“Coxswains operate in crazy conditions all over the world,” said Petty Officer 2nd Class Andrew Mozley. “Being a coxswain has given me a great appreciation for the teamwork every person puts in to complete the mission.”
Petty Officer 2nd Class Victoria Taylor, a boatswain’s mate from Coast Guard Station Humboldt Bay, was recently designated a Coast Guard surfman, the highest qualification a coxswain can achieve in the Coast Guard. Receiving the surfman designation puts Taylor in an elite group; she’s the Coast Guard’s 484th surfman, one of only six females to ever receive the designation in Coast Guard history and the very first from Station Humboldt Bay.
Petty Officer 2nd Class Travis Connick at Station Los Angeles – Long Beach, Calif. U.S. Coast Guard photo. Written by Lt. Jodie Knox. Whenever a response boat leaves the pier – whether it’s for routine training, a security patrol or rescue mission – Coast Guard coxswains are the men and women in charge. A coxswain
Forty miles southwest of the Pribilof Islands, Coast Guard Cutter Munro navigated shifting ice fields to close on the Bering Sea’s largest fishing fleet. Arctic winds whipped through the bridge’s opened door at sunrise while crewmembers cleaved ice on the forecastle and engineers looked over the ready boat to make sure its systems wouldn’t freeze up. These frozen conditions don’t sound ideal for most people. Then again, most people aren’t crewmembers aboard Munro.
Saying Aloha to the Pacific’s heavy seas, National Motor Lifeboat School’s instructors just finished two weeks of intensive search and rescue training off the coast of Hawaii. Lifesavers from throughout the Pacific gathered at Station Honolulu for a series of unique skill enhancement evolutions.
As one of the Coast Guard’s surf stations, Station Noyo River faces the full gamut of challenges every day. Located along California’s north coast, 150 miles north of San Francisco, their proximity to the Pacific and rugged coastline offers picturesque views and is home to some dramatic rescues. A recent rescue showcased just how demanding their rescue missions can be.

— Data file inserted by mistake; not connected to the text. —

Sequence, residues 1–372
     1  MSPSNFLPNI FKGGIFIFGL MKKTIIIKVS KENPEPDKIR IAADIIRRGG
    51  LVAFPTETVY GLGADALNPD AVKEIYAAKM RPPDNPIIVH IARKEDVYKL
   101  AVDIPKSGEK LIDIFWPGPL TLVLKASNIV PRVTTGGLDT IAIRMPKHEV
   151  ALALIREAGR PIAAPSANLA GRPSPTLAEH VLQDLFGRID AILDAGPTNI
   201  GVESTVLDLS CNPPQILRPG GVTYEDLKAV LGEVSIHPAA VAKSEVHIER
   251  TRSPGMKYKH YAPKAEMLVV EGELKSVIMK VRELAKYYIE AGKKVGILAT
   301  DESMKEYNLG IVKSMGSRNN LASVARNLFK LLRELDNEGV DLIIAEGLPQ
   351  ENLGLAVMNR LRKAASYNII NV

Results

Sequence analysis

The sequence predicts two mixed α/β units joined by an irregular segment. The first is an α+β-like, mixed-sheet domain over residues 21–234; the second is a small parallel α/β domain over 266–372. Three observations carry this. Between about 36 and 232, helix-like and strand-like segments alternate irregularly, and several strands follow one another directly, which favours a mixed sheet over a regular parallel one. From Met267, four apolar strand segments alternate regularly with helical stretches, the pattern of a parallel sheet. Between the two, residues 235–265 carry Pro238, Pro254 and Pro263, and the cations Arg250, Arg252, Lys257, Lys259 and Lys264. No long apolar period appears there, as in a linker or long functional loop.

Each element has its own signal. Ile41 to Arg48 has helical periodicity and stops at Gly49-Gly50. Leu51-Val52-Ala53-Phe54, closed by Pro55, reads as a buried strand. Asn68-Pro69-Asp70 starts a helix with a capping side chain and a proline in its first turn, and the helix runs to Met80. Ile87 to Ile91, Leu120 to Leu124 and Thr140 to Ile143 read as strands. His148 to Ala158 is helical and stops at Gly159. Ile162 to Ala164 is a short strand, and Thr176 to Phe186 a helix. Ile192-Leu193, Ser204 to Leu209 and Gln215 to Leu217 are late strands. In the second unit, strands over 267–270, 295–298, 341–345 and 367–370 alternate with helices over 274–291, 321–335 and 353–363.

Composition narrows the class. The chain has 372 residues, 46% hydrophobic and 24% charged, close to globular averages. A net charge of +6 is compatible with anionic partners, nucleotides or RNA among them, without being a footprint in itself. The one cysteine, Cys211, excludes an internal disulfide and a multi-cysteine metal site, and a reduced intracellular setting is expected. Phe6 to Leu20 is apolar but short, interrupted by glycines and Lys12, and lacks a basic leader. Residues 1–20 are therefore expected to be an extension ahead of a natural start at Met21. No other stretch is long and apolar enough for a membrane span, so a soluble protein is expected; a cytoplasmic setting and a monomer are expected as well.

Since 1790 the Coast Guard has safeguarded our nation’s maritime interests, providing a 24/7 presence along America’s rivers, ports, coastline and on the high seas. But while the Coast Guard’s presence and impact is regional, national and international, our operations are often out of sight. Coast Guard Compass set out to change that. From July 30 to August 5, Coast Guard men and women captured a week in the life of the Coast Guard to highlight the missions we perform on a daily basis.
Coast Guard Cutter Fir’s primary mission is to service and maintain 150 aids to navigation along the Pacific coasts of Oregon and Washington, as well as in the Columbia River. U.S. Coast Guard photo. Maintaining aids to navigation essential to the Pacific Northwest’s major shipping ports, including Coos Bay, Portland and Seattle, are the men
Petty Officer 2nd Class Aaron Harris, a boatswain’s mate at Coast Guard Station Quillayute River, Wash., conducts a bar assessment Apr. 7, 2012. A river bar is assessed by a qualified coxswain periodically to determine the level of restrictions needed to be applied to vessels crossing the river entrance. U.S. Coast Guard photo by Petty
The Coast Guard is an adaptable, responsive military force of about 42,000 active duty servicemembers – roughly three percent of the U.S. armed forces. As the smallest of the five branches, every Coast Guard man and woman is a vital part of the team. Petty Officer 1st Class Casey Wardynski is a boatswains mate and